The chamber is full of representatives from countries located all over the globe. They mingle about the room, negotiating amendments to Resolution 2155 of the United Nations (UN) Security Council: The question of the rules of war. A young man with a suit and pony tail announces it is time to sit back down for the debate, and a representative from China stands and puts forth her case.
I’m sitting in the Legislative Assembly at Parliament House of Western Australia where 15 teams from schools across WA, including three teams from Presbyterian Ladies’ College (PLC) a Uniting Church in WA school, battle it out in the finals for UN Youth’s Evatt competition – a model UN debate. Sam Herriman, a 19-year-old media and communications student from the University of Western Australia, strolls around the room making sure everything is running smoothly and occasionally collects notes from members of the Council. Continue Reading
Burmese people have lived through decades of conflict. Hundreds of thousands have fled their homeland for neighbouring Thailand and now live in refugee camps along the Thailand– Burma border. Some have been living in the camps for decades.
Act for Peace, the international aid agency of the National Council of Churches in Australia, works in the Thai/Burma border refugee camps and is challenging Australians to make a difference to the lives of these refugees. In a new initiative called the ‘Act for Peace Ration Challenge’ they are asking members of the Uniting Church and communities around Australia to eat the same rations as a refugee from Burma during Refugee Week, 15-21 June, and get sponsored for doing it. Continue Reading
Kids’ Camp Out (KCO) was all about celebrating the harvest this year, with children from all over WA coming together to spend time with their congregations and get to know people from others. In a relaxed atmosphere, campers, junior leaders and leaders enjoyed a weekend of craft, games, Godly Play storytelling, worship and singing. The Feast, held on the Saturday night with an extended welcome to people of all ages, was a vibrant celebration made all the more fun by the Byford Footprints Band who entertained dancing guests into the evening.Continue Reading
After receiving a rug while cold and studying interstate, Genevieve Blair decided she could help others who also needed a warm hug through her Rugs for Hugs program. Her initiative has led her to win the Caring in the Community award at the 2013 Young People Who Care Awards. Continue Reading
The invitation to travel to Canberra to attend a vigil on the lawns of Parliament House on 18 March 2014 was extended to Uniting Church people throughout Australia. I was on long service leave pending retirement at the time, so I was free to travel to this national event. My husband Robin and I travelled to Canberra as representatives of the WA Synod.
The vigil was part of ‘A Destiny Together: A Week of Prayer and Fasting for Justice for First Peoples. It was planned by the Uniting Church Assembly in response to the stories of suffering from Indigenous people affected by the government Intervention in the Northern Territory and the subsequent Stronger Futures legislation.Continue Reading
“I don’t go to church – I’m spiritual, but I’m not religious.”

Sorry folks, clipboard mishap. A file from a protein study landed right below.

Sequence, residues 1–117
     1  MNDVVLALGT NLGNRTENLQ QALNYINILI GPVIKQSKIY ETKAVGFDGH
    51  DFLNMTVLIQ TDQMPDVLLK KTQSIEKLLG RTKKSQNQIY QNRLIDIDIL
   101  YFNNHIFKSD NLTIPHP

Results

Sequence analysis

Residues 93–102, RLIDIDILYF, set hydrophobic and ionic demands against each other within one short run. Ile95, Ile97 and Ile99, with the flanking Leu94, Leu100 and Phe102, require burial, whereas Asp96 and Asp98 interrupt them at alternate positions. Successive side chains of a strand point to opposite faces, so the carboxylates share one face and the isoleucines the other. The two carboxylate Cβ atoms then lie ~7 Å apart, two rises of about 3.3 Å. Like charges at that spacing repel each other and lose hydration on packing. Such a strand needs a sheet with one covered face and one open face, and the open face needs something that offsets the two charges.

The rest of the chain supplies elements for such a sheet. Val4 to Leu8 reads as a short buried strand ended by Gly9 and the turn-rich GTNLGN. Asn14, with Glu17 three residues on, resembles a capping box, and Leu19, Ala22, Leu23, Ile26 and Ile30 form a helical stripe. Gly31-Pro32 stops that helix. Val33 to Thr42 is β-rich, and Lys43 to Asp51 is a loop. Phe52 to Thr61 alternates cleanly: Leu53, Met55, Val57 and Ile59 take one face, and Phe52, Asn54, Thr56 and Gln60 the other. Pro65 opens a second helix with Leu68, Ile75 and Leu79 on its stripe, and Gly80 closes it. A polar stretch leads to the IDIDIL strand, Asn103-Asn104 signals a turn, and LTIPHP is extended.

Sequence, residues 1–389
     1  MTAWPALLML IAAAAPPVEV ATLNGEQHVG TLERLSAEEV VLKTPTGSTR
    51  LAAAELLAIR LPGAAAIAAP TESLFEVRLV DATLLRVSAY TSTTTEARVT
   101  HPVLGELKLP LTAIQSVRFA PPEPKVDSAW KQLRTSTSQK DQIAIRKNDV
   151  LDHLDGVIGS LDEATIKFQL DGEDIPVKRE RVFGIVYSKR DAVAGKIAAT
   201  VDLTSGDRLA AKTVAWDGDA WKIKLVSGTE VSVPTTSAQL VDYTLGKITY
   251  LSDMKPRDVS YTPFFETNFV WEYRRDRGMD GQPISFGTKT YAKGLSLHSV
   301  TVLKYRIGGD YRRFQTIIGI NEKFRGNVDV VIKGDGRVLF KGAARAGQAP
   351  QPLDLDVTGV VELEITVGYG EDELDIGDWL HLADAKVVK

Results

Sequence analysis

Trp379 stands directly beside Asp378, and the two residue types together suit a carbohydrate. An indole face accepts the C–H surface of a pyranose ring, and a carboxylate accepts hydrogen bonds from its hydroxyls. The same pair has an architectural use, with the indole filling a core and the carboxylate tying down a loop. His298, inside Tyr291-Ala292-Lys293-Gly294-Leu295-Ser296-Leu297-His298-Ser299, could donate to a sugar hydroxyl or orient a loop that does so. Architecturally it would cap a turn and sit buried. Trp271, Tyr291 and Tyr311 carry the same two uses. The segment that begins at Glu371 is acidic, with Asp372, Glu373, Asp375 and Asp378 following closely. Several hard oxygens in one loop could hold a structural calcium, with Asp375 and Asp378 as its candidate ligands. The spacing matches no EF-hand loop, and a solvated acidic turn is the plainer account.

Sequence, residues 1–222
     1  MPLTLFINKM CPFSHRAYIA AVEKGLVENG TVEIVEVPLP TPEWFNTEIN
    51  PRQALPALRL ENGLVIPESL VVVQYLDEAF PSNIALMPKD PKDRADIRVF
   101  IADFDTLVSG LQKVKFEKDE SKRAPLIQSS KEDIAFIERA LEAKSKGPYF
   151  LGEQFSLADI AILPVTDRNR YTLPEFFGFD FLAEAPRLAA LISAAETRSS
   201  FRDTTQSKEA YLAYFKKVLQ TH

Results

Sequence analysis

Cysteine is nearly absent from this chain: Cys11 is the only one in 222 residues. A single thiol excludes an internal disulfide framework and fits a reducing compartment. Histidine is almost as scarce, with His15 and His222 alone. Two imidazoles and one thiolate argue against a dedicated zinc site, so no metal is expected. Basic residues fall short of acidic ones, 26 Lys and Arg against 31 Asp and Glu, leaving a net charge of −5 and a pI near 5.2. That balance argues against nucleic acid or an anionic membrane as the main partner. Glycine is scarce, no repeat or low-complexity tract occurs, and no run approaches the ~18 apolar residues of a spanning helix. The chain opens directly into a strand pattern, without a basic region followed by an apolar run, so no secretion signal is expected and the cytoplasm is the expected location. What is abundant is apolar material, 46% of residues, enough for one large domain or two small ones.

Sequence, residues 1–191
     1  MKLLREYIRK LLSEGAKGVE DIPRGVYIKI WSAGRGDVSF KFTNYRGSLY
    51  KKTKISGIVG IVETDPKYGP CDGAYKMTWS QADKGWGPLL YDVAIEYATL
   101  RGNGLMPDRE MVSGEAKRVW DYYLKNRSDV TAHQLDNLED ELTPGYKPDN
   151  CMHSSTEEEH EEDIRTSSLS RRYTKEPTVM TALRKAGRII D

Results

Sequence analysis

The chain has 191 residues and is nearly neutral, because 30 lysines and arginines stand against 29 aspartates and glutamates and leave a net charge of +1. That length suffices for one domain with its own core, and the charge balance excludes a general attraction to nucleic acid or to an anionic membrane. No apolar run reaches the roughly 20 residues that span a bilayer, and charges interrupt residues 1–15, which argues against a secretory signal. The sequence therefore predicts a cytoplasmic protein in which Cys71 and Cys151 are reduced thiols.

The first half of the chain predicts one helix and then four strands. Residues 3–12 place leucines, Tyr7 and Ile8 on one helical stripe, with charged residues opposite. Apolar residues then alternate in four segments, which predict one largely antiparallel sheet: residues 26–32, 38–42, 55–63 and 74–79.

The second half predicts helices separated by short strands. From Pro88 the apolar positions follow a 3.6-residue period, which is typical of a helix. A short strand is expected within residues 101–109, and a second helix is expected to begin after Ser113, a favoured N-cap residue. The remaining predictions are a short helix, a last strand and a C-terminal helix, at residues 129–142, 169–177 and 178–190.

It’s a phrase often heard and it’s being heard more and more. Research from the National Church Life Survey (NCLS) found that 44.6% of respondents to the 2009 Australian Survey of Social Attitudes believed that there is something beyond this life that makes sense of it all. Of this, 24% have no religious affiliation.
So what does that mean exactly? As Dr Val Webb, theologian and author, explains, it’s a little hard to define – mostly because the term ‘spiritual’ is so full of baggage. Continue Reading
When we think about what we are scared of, what comes to mind? Debt? Crime? Death?
Dr Keith Suter, managing director of Global Directions and Uniting Church member, is a leader in global thought and a member of arguably the most prestigious global think tank in the world, the Club of Rome. While you may not realise it, he believes that many Australians are fearful of invasion. Continue Reading
The Indonesian Christian Church (GKI) Perth, a Uniting Church congregation in Mosmon Park, has much to celebrate at the moment with the commissioning, in December last year, of their new minister, Rev Ciptamartalu Sapangi.
Rev Ciptamartalu Sapangi comes to Perth from Bardung, Indonesia, with many years experience, including building interfaith relationships in Indonesia’s multi-faith society. Continue Reading
The Hallelujah Chorus with (l-r) John, Ellen and Bill Lemen.
G K Chesterdon, writer and Christian apologist is quoted as having said “The traveller sees what he sees, the tourist sees what he has come to see.”
Travellers may be regarded as pilgrims – literally those who have come from afar – who are on a journey to a special place. Over the past six weeks I have had the opportunity, while visiting family and friends in Canada and The Netherlands, to reflect on what I have seen and how this seeing impacts on my sense of, and experience of, church, creator and creation. Continue Reading
As I was about to complete high school, I remember watching footage and seeing photos of jubilant people clambering over what was once the Berlin Wall and taking chunks of cement as souvenirs. At the time I did not understand what this really meant for the people of Germany or what they had been through in the previous four decades. My recollection is only the smiles of joy and the moments of reconciliation. Little did I know that, in my life time, I would see another wall, twice as high and four times longer, constructed for similar reasons in another part of the world. In my travels to Israel and Palestine Territories last August I saw the monstrous wall of separation and heard stories of its impact upon the people.Continue Reading